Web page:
The beams holding up the 15m-high ceiling appear to be wood but are actually painted steel, while the ceiling panels in between are patterned. The huge brass light fittings are proper Art Deco gems. Incredibly, the ticket hall is now essentially unused, and usually roped off, ticketing facilities now being smaller and located elsewhere in the station.
Turning right from the information desk in the entrance lobby takes you through a set of doors and into a covered arcade leading to the station’s Harvey House restaurant. The Fred Harvey Company became a commercial partner of the Santa Fe railway in the late nineteenth century, and established restaurants at many railroad stations, serving good food in high quality surroundings, a quality which is immediately apparent in the Harvey House’s entrance.
Now unused, in favour of rather less expansive (and much, much less glamorous) refreshment facilities in the underpass leading to the railroad tracks, the Harvey House restaurant at Los Angeles Union Station still retains many of its Streamline Moderne design features, as well as a balcony and mezzanine floor over the kitchen. It was designed separately from the rest of the station by Mary Colter³, though it fits in seamlessly with the main station buildings.
Instead of turning left or right at the entrance foyer and information desk, you could instead go straight on, and that would take you into the waiting hall. Many of the design features in the rest of the building are repeated here. Decorative wall and floor tiles, acoustic tiling, decorated roof and amazing light fittings are all present and correct in this most beautifully proportioned of rooms, which is slightly wider and longer than the ticket hall, but has a slightly lower ceiling. On both sides of the waiting hall, marble-faced clocks can be found above the side exits:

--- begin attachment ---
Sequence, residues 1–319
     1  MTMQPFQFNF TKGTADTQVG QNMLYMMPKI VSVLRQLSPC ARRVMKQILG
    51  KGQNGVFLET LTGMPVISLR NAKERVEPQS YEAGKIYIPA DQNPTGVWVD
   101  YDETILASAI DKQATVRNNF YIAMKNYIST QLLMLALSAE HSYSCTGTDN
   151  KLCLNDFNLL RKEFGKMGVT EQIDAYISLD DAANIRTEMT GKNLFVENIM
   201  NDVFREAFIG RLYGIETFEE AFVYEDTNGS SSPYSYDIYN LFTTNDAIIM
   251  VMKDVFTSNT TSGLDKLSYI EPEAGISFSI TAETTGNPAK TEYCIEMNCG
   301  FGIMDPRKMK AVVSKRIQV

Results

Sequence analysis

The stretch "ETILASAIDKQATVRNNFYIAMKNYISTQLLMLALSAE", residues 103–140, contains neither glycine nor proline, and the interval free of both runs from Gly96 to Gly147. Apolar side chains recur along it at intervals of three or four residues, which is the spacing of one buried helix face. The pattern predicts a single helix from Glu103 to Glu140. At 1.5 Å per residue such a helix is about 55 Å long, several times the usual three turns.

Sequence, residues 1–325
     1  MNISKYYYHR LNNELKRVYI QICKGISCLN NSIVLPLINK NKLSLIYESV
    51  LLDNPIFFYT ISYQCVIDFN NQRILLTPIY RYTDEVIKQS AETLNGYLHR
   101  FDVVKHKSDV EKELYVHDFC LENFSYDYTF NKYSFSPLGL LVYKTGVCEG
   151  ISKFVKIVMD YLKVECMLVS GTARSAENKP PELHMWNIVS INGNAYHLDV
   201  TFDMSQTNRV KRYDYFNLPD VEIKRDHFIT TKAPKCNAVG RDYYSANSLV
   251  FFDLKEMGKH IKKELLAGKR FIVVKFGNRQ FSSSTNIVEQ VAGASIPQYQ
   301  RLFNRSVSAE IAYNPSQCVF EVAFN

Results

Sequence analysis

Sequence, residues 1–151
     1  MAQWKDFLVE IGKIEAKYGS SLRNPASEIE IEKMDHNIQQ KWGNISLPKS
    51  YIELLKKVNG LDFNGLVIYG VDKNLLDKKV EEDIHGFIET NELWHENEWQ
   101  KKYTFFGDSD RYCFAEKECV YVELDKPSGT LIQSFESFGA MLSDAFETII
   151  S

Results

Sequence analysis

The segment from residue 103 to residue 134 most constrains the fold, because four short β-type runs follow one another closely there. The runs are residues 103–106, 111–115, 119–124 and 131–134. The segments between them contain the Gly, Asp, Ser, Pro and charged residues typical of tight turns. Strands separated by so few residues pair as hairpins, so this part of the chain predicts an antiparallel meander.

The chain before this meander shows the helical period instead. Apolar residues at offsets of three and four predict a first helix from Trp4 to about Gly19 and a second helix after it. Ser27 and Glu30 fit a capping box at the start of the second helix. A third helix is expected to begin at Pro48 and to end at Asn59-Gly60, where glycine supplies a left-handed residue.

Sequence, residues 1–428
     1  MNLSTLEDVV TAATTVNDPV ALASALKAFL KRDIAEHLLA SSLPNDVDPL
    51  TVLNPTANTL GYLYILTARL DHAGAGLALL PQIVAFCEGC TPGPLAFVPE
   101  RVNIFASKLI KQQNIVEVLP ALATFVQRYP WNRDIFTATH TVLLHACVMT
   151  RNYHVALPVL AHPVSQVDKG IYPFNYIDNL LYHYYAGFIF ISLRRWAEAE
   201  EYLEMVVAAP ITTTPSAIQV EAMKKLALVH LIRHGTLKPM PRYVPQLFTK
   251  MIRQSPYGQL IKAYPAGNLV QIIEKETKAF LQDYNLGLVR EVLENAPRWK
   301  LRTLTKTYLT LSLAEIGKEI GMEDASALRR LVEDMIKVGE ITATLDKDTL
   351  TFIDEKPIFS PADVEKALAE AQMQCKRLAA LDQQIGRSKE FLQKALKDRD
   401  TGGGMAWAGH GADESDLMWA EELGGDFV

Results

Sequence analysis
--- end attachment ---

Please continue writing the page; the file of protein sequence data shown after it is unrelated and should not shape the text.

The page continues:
Carry on through the waiting hall and you’re into the subway which leads under the railroad tracks, from where you can get up to platform level to find your train. On the other hand, if you leave through one of the side doors, you find yourself in one of the two formal gardens which flank the waiting hall. I’m hard-pressed to think of another railway station where gardens are a part of the overall design, and in effect they make outdoor waiting rooms, which can be very welcome breath of fresh air:
I’ve been to Los Angeles Union Station more than once, and between my latest visit and the one preceding it, the station gained a new entrance/exit on the east side of the railway tracks, in connection with the expansion of Los Angeles’ Metro network (the LA Metro purchased Union Station a few years ago). The new east portal is an interesting modern building designed by architects RAW International. It makes no attempt to pretend to be part of the older structure, but thankfully it fits in with the older building very comfortably nonetheless, evoking the architecture of American union stations without slavishly imitating them.
From the outside, on the Patsaouras Transit Plaza (home of local buses and some extremely stylish bus shelters by local architecture practice OLIN), the new east portal is dominated by its large lunette window, an intricate design which incorporates a canopy and an external balcony:
On the inside of the entrance, a huge half-dome skylight with decorative glass panels commands attention. Stairs lead down to an underground level, linking to the passageway that runs under the platforms.
This lower level also gives access to the Los Angeles Metro. Tickets for the Metro are sold on smartcards (credit card-sized plastic cards containing a chip which allows for the loading of transport ticket products), even to day visitors and tourists. Long-time readers of this blog will understand the joy I experienced when my Los Angeles “tap” smartcard popped out looking like this: